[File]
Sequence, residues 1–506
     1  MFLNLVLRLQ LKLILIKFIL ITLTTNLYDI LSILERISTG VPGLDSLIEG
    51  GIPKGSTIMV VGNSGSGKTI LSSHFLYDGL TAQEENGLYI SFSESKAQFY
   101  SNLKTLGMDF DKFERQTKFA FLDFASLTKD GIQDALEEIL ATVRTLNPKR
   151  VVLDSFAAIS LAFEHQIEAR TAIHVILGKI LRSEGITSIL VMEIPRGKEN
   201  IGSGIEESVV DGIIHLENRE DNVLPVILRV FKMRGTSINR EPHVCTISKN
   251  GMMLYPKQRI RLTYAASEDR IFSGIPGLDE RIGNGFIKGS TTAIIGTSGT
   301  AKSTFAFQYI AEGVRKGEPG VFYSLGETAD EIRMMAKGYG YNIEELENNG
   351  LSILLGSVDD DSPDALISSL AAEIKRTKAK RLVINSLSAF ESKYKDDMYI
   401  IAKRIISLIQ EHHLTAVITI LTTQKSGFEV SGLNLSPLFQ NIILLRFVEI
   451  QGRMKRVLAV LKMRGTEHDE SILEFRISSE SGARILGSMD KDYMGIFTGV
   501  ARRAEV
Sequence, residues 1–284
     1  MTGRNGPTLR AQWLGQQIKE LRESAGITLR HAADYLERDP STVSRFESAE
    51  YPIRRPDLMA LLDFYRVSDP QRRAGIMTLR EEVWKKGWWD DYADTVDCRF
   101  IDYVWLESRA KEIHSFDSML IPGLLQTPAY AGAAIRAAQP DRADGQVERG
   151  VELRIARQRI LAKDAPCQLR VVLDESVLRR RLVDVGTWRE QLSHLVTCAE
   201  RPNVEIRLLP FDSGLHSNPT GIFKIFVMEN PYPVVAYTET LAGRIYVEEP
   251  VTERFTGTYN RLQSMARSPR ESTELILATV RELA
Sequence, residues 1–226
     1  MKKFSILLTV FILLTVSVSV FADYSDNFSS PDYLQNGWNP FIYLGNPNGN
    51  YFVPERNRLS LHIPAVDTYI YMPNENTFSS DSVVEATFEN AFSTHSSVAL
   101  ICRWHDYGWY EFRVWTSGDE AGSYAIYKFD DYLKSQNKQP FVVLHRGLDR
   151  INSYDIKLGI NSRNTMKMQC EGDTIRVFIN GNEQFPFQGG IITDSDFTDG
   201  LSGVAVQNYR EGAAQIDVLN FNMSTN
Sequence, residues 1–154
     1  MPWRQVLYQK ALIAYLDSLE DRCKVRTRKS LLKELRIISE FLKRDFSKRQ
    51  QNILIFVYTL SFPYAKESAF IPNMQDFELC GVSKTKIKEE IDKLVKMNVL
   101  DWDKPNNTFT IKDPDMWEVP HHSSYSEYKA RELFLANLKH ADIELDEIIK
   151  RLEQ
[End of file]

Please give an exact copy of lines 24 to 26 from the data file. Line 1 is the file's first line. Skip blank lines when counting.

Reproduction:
   151  INSYDIKLGI NSRNTMKMQC EGDTIRVFIN GNEQFPFQGG IITDSDFTDG
   201  LSGVAVQNYR EGAAQIDVLN FNMSTN
Sequence, residues 1–154